Google Piles On Against Microsoft


A decade ago, when I visited Europe to give a speech or attend a conference on high tech, the conversation inevitably came around to Microsoft — in particular, its growing hegemony in the world of personal computing.


Europeans typically like monopolies . . .but only if they aren’t American.  And so, Microsoft’s success was seen by Europeans as not just a business threat, but a cultural — even an existential — threat.  And so, the conversation inevitably came down:  How can we stop them?

American competitors were asking the same thing.  And even they weren’t adverse (to their later embarassment) to run off to Washington to beg for help from the Justice Department.  But that faded pretty quickly, especially after the bubble burst in 2000.

But the Europeans, especially now the EU, has never forgotten.  Nor has it ever abandoned its bureaucratic and legal efforts to deny Microsoft the ability to compete in that market.  Even now, when, as Bill Gates predicted a decade ago, Microsoft has become a sleepy old corporate giant content to protect its empire rather than expand, the EU still remains in hot pursuit.

In late 2007, Norwegian browser maker Opera filed an anti-trust suit with the European Commission accusing Microsoft of unfair practices by bundling Internet Explorer with Windows.  The complaint was an old story in the U.S., but apparently still alive in Europe, and the EC agreed to investigate.

Does Opera have a case? Probably.  But after more than a decade in business it still has only a 1-2 percent market share, most of it confined to Europe.  And while Opera might argue that this is prima facie evidence of Microsoft’s predatory practices, most analysts have noted that those same practices haven’t kept Firefox from chewing up Microsoft’s market share.


So, one would have predicted that this case would eventually be settled with the European Commission once again using access to the EU marketplace as a cudgel to get Microsoft to make a few more concessions. . .

That is, until yesterday.  That’s when, in the official company policy blog, Google’s VP of product management Sundar Pichai announced that his company would be participating as a third-party in the European Commission’s (EC) investigation.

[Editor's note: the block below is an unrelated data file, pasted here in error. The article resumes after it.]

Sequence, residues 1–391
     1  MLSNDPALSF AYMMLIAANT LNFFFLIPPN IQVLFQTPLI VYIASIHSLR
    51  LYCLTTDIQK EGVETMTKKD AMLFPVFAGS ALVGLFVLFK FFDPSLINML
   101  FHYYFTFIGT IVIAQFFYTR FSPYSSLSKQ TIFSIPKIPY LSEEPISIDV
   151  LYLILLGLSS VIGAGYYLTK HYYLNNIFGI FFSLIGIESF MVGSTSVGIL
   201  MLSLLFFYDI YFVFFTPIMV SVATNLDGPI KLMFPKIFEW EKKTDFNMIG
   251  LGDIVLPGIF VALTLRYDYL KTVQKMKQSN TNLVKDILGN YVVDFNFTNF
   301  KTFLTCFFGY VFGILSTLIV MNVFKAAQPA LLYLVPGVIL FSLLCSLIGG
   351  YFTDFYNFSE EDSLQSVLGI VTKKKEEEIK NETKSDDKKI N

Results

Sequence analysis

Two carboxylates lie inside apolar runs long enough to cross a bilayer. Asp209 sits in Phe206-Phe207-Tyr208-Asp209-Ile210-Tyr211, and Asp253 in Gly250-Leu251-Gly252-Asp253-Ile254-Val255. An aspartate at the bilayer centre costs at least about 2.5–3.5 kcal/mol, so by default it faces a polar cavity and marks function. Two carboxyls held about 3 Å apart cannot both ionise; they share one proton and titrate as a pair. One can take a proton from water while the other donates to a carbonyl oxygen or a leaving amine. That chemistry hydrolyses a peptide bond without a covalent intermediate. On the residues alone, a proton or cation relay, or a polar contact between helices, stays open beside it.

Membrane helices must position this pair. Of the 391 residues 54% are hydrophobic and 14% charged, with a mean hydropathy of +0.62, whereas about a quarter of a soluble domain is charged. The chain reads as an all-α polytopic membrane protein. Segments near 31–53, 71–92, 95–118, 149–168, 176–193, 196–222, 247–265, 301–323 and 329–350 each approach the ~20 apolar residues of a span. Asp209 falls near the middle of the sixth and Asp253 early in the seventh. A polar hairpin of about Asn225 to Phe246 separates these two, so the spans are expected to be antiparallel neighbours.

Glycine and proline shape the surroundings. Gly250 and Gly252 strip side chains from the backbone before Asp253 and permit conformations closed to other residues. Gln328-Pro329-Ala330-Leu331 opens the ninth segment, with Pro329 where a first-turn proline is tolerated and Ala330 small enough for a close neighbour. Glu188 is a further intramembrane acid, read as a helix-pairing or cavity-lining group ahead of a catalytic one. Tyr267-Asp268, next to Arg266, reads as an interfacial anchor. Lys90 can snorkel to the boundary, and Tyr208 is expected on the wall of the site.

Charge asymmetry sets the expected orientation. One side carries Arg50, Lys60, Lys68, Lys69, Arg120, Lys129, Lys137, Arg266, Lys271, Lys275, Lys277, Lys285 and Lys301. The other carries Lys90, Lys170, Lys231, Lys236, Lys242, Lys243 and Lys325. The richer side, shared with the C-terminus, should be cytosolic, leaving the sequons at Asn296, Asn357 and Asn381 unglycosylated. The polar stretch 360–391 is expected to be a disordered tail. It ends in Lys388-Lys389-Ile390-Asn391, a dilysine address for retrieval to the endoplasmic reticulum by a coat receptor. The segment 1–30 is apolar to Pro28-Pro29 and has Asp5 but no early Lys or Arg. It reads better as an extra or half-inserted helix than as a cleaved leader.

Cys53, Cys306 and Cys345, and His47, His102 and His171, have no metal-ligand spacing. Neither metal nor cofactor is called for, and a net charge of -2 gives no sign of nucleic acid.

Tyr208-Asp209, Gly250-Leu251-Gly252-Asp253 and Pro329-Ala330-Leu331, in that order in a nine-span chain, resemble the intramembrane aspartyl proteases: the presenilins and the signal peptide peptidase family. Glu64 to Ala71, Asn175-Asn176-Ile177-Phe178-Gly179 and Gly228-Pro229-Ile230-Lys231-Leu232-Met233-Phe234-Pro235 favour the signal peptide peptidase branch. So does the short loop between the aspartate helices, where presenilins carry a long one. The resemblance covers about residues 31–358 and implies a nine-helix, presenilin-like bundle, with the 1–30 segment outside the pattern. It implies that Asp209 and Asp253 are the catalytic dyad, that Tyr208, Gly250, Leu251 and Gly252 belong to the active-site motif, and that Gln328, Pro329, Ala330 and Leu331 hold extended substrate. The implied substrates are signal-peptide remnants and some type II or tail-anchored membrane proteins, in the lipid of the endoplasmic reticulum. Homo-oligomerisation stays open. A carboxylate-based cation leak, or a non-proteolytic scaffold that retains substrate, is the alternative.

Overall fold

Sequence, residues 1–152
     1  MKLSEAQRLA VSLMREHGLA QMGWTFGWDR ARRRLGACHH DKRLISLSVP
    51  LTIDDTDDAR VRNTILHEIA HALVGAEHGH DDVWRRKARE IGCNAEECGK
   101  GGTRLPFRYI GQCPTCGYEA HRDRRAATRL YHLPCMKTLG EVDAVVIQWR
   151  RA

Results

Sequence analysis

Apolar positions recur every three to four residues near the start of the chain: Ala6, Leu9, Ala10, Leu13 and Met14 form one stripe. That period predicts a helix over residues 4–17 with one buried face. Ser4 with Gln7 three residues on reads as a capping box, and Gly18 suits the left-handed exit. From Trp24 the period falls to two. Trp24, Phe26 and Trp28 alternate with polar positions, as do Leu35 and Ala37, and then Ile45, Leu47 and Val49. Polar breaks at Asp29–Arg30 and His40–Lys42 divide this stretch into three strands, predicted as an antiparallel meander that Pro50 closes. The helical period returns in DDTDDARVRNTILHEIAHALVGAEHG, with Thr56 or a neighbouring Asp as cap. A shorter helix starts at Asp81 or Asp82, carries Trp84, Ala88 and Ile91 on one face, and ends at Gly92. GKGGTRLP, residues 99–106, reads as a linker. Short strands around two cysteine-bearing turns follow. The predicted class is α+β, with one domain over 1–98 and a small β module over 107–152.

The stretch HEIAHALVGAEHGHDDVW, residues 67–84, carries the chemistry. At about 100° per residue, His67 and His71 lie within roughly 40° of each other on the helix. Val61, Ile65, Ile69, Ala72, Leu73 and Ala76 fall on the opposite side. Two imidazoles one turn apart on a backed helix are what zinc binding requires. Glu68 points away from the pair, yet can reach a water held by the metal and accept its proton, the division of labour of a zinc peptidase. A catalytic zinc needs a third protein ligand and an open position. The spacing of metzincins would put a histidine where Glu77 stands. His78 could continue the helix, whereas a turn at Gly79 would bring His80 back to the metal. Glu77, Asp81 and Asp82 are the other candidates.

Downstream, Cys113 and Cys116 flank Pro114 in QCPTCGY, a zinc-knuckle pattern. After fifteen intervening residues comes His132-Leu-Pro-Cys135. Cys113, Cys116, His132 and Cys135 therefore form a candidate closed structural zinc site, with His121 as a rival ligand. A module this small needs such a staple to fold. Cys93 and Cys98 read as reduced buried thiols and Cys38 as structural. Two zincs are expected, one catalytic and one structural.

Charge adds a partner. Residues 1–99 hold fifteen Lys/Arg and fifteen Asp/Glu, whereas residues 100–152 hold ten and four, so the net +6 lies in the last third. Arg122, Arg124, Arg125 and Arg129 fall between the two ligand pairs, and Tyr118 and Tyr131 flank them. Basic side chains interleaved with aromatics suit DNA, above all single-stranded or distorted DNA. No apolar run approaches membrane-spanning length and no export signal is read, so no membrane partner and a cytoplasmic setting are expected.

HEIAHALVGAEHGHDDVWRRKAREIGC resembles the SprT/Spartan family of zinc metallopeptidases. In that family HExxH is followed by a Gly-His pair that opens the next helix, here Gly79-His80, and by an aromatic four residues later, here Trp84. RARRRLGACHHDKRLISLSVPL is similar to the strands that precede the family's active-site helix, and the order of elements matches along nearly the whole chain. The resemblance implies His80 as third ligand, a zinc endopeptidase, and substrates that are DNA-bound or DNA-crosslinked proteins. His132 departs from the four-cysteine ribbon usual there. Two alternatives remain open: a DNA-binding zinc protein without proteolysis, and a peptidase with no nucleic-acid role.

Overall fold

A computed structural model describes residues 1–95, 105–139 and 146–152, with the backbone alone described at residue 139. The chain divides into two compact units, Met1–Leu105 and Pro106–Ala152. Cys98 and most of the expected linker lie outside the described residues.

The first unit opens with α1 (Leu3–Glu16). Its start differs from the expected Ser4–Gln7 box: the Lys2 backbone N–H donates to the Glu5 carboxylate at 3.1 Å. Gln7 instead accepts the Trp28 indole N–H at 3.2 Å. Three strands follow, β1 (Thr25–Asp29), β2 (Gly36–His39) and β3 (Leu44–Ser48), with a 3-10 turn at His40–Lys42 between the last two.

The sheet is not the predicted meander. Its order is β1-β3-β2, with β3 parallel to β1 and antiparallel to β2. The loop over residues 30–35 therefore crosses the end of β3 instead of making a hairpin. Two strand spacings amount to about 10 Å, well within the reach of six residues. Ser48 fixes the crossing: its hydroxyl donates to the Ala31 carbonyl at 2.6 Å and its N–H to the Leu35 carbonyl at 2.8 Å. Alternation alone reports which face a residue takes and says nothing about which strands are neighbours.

Google no doubt thinks this is a smart strategic move, both because it adds extra muscle to a smackdown of its chief competitor — and, in the process, sucks up to the always dangerous European Commission.  But I predict that Google will come to regret this move.

Why?  Because for the last three years, on my visits to Europe, particularly the UK, Microsoft is never brought up in conversation.  The EU may still be obsessed with Redmond, but the business community and the media long ago moved.  Instead, care to guess which company the cognoscenti now consider to be the greatest high tech hegemonic threat to the European economy?

You guessed it:  Google.  I remember sitting in a room with a the editor of the UK Guardian being told just dangerous Google had become . . .and how it needed to be stopped.  In other words, exactly the conversation I had about Microsoft a decade before.


Google may think it is buying itself some credit with the European Commission by piling on against Microsoft.  But I don’t believe the EC sees it the same way.  On the contrary, the Commission, the European tech industry and the media may, perversely, see this as just another example of Google enjoying too much power and influence in the European market.

Karma, as they say, can be a bitch.  And in joining the Europeans in their assault on Microsoft, Google may soon learn that lesson first-hand.


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